The Scarab range of wireless modems allow bi-directional data communication over the radio. There were several versions offering various speed/range/price trade-offs offered by New Era Microsystems. The model I was using for this 1.2km link is the Scarab Beetle Soft Modem, which has a range of 20km at 9600 baud on one of 16 licence-exempt channels around 458MHz.
New Era, the company I dealt with, has ceased operations since its founder, Mike Jessop, emigrated to Australia. The business and its products were acquired by LinkUp International. I do not know if the Scarab range is still available from them.
I have no commercial connection with the makers of the Scarab modems, except that they loaned me some of their units while I was developing a Linux driver for the modems. The source code for the latest version of this driver is available here.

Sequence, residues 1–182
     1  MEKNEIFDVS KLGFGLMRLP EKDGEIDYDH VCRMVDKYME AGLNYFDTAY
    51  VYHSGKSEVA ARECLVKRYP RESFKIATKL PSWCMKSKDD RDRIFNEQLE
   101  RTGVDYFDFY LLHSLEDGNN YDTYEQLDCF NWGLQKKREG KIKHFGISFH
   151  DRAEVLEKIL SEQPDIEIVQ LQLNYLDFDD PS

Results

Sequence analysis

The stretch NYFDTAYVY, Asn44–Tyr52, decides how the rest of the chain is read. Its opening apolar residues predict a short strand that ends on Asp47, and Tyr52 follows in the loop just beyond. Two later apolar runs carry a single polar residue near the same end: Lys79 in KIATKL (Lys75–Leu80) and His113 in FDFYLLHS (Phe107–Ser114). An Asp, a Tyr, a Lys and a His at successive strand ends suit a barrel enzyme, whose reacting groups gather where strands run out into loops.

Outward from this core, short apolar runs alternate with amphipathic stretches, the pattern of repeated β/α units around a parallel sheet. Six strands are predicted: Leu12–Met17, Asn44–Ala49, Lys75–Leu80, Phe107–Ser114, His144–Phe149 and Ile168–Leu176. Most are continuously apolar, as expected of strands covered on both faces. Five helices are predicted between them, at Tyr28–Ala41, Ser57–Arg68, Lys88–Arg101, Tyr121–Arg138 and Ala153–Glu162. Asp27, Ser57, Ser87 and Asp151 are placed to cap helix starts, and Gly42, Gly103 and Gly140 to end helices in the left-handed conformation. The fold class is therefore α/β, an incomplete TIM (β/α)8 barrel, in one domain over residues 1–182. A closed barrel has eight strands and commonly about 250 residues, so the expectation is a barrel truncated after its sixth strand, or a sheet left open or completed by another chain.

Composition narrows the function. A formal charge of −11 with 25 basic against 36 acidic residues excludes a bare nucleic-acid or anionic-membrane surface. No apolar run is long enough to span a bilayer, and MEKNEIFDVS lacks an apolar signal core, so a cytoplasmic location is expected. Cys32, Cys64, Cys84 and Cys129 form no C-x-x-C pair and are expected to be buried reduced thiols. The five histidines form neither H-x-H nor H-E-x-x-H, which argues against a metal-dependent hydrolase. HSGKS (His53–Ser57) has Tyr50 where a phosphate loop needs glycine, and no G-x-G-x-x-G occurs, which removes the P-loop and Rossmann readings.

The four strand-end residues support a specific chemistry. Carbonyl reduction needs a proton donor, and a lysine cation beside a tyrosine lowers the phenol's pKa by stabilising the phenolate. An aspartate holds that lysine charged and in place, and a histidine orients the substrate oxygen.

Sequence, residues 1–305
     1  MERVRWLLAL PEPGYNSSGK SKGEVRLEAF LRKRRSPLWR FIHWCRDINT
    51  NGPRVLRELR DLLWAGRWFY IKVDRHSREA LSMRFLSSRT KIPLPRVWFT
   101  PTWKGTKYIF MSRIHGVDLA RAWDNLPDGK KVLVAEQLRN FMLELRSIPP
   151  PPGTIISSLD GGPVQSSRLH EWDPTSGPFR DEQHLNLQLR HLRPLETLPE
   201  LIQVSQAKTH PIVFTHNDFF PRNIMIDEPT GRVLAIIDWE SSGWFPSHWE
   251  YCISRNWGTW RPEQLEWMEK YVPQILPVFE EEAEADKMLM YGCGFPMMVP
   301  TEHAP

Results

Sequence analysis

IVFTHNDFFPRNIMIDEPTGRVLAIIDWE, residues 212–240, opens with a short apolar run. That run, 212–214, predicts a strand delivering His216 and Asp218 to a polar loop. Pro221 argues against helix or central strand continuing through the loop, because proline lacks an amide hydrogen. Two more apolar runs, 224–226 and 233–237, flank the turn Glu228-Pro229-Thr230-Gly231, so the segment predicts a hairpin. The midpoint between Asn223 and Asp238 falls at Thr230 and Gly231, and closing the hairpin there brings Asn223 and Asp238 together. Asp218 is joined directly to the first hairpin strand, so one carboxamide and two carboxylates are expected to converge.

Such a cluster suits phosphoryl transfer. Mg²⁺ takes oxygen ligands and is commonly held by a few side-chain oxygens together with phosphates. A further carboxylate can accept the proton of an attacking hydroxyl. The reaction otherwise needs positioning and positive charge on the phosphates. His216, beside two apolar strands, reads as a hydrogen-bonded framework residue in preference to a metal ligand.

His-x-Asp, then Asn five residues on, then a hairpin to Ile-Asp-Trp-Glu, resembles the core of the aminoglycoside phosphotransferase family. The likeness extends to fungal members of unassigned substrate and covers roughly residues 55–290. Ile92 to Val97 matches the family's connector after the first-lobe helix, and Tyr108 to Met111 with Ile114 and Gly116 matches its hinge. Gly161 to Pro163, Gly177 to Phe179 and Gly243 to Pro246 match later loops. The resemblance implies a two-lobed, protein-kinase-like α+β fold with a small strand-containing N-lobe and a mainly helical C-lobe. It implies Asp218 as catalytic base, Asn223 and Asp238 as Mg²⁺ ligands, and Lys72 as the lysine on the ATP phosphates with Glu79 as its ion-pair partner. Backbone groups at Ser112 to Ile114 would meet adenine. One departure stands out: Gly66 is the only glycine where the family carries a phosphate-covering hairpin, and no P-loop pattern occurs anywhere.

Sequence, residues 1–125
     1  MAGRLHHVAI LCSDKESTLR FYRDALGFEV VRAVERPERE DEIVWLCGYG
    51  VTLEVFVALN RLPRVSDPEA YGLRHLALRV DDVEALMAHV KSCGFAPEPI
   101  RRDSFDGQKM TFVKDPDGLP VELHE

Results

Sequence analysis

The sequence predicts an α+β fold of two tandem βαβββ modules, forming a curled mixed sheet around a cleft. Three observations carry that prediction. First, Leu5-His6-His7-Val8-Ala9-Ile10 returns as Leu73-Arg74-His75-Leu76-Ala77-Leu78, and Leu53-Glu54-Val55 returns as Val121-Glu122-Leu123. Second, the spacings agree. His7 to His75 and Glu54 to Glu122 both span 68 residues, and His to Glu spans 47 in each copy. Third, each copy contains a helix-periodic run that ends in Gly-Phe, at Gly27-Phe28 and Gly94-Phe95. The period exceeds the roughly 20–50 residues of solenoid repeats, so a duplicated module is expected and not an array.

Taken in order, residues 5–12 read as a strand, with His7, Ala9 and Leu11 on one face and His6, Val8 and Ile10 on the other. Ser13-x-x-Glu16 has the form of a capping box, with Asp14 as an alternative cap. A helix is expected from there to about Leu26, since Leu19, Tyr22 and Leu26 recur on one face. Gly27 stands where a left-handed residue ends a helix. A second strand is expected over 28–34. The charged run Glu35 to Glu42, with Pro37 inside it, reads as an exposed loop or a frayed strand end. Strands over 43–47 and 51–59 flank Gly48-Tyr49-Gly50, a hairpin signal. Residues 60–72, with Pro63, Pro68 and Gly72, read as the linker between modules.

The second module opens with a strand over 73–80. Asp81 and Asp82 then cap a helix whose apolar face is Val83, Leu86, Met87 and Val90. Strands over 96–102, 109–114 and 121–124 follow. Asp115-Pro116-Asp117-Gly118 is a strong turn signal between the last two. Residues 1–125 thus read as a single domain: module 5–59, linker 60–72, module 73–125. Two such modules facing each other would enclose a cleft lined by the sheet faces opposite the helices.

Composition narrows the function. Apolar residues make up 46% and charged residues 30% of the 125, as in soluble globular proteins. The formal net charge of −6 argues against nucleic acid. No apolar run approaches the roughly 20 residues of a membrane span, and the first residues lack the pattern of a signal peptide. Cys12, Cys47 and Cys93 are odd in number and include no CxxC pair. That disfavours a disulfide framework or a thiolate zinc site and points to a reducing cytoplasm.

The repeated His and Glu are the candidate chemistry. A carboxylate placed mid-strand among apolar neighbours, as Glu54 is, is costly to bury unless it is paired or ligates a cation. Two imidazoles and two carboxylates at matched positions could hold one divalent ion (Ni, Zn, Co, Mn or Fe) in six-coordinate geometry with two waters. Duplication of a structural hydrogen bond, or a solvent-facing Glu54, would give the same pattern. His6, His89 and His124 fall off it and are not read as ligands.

Another project is an 802.11 wireless LAN driver for the fastest model in the range, the Scarab Aether, which uses a 2.45GHz spread-spectrum transmitter to achieve 1Mbaud. The existing driver works well with this model at 960kbaud and achieves an effective throughput of about 700kbaud with mostly unidirectional IP traffic (like an FTP download) but only about 100kbaud with bidirectional traffic because the driver has a very simple scheduling strategy that tends to trigger TCP back-off.
The same driver will also drive the Adaptec Airport, a useful gadget that adds an infra-red output to an ordinary PC serial port.